Near/along I-25, from Castle Rock to Fort Collins, maybe 4-9”.
Cold air damming results in isentropic lift over the western metro area…essentially an enhanced upslope. So the best totals in the Front Range should actually be in the lower reaches of the foothills and near/just to the east of the base of them.
In the western suburbs looking at totals of 5-10”, but like I said, totals should greatly increase towards the base of the foothills (Boulder, Golden) thanks to cold air damming. Forecast for those areas is more like 7-14”.
Colorado Springs looking like 5-10”.
Due to the more direct easterly component of these winds, the Palmer Divide wont really outperform the Denver metro area. We’re thinking 4-9”.
For the eastern plains, the forecast is still a bit of a mess. Generally 3-9”, with the highest totals to the north of I-76 and also along/north of I-70.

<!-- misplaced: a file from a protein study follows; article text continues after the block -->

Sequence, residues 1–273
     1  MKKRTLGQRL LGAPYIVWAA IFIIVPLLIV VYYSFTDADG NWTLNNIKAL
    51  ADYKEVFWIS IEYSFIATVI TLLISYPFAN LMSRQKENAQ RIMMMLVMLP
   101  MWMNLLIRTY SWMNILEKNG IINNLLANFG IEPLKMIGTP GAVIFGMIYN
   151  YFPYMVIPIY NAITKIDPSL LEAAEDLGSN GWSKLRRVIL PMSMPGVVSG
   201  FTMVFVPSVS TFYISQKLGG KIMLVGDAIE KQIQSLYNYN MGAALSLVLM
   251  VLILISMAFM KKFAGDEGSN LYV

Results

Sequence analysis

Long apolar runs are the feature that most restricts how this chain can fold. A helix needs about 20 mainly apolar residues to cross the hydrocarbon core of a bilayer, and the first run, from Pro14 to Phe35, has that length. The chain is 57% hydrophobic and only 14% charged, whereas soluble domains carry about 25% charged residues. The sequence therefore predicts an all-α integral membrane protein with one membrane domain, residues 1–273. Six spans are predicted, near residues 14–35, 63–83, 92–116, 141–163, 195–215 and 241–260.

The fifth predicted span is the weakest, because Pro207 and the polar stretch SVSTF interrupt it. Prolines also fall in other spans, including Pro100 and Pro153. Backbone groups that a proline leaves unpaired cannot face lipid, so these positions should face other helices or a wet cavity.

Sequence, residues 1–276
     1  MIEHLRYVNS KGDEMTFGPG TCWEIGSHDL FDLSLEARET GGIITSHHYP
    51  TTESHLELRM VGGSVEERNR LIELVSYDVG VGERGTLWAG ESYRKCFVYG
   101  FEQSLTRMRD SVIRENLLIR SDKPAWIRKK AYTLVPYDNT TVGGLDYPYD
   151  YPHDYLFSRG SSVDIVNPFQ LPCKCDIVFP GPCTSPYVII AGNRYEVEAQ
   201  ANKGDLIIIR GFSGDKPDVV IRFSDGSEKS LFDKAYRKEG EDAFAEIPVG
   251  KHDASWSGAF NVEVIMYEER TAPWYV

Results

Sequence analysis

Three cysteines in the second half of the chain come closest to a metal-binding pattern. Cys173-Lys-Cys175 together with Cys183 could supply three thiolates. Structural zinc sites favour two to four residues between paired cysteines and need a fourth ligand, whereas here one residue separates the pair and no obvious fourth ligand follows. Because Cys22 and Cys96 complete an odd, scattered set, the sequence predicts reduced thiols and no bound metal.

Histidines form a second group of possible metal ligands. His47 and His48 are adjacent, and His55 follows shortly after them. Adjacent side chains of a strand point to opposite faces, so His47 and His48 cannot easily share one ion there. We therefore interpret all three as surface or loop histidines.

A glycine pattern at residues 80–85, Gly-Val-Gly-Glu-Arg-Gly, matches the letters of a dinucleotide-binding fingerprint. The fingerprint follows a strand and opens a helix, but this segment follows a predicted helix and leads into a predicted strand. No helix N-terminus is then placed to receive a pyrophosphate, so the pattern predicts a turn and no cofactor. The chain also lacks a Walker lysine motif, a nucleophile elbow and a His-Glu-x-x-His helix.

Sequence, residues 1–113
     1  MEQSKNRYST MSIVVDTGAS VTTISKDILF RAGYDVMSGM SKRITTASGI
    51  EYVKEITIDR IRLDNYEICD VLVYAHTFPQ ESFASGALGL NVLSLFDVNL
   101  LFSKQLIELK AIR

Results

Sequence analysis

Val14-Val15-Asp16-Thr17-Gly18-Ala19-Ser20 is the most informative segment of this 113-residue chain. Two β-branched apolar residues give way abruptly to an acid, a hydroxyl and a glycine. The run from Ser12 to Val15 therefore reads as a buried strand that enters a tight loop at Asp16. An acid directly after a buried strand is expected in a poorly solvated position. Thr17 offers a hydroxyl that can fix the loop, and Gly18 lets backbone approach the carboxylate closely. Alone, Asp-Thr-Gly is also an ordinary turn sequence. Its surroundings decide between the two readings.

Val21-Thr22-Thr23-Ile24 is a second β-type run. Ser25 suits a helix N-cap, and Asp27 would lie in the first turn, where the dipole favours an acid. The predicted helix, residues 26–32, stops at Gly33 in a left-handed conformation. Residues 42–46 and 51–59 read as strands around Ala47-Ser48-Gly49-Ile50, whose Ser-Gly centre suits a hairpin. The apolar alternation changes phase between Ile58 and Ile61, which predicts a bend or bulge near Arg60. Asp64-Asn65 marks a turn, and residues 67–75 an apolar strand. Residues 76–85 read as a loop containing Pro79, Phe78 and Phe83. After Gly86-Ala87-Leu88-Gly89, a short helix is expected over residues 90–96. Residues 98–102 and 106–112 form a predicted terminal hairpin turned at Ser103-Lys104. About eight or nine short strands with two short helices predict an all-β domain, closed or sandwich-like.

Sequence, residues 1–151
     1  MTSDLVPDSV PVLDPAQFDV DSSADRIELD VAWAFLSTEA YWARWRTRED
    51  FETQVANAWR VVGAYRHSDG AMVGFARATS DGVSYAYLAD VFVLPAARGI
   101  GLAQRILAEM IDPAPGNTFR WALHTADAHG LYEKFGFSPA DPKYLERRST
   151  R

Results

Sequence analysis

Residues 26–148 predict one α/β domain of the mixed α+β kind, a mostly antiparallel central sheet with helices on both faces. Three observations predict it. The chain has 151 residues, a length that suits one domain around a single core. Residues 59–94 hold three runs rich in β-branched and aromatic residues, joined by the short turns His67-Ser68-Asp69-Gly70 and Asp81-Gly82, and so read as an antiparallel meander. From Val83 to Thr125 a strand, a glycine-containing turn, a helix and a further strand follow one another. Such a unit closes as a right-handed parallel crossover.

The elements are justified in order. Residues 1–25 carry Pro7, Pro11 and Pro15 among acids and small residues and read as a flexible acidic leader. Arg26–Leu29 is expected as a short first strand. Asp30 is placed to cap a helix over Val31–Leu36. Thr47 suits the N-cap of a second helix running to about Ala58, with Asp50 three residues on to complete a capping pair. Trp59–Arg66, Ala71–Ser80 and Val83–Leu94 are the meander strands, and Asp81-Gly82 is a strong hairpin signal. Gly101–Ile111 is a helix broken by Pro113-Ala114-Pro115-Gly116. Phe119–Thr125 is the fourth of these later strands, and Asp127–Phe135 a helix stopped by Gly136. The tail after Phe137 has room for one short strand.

For the foothills, 8-16”.
Meaningful snow will start on Tuesday afternoon. The strongest snow will be from Tuesday night to Wednesday morning, letting off into the afternoon somewhat. Pockets of lighter snow will continue into Thursday morning.
This approaching air mass is very cold and in some parts of Colorado temperatures will be 40 degrees colder than average. Large swaths of Colorado will see temperatures in the negatives on Wednesday night.
Here are some potential lows:
Thursday to Sunday
We’ll slowly warm up into the weekend, but only slowly. A weak shortwave could bring some light snowfall to parts of Colorado on Saturday.
More frequent updates on Twitter, Instagram, and Facebook:
💙 Supported By 💙
We love doing this and making our work available for free! But it does
take a ton of time to put these forecasts together, develop our custom
graphics, and keep our servers running. Consider throwing some beer or
coffee money our way:
Support us on Patreon!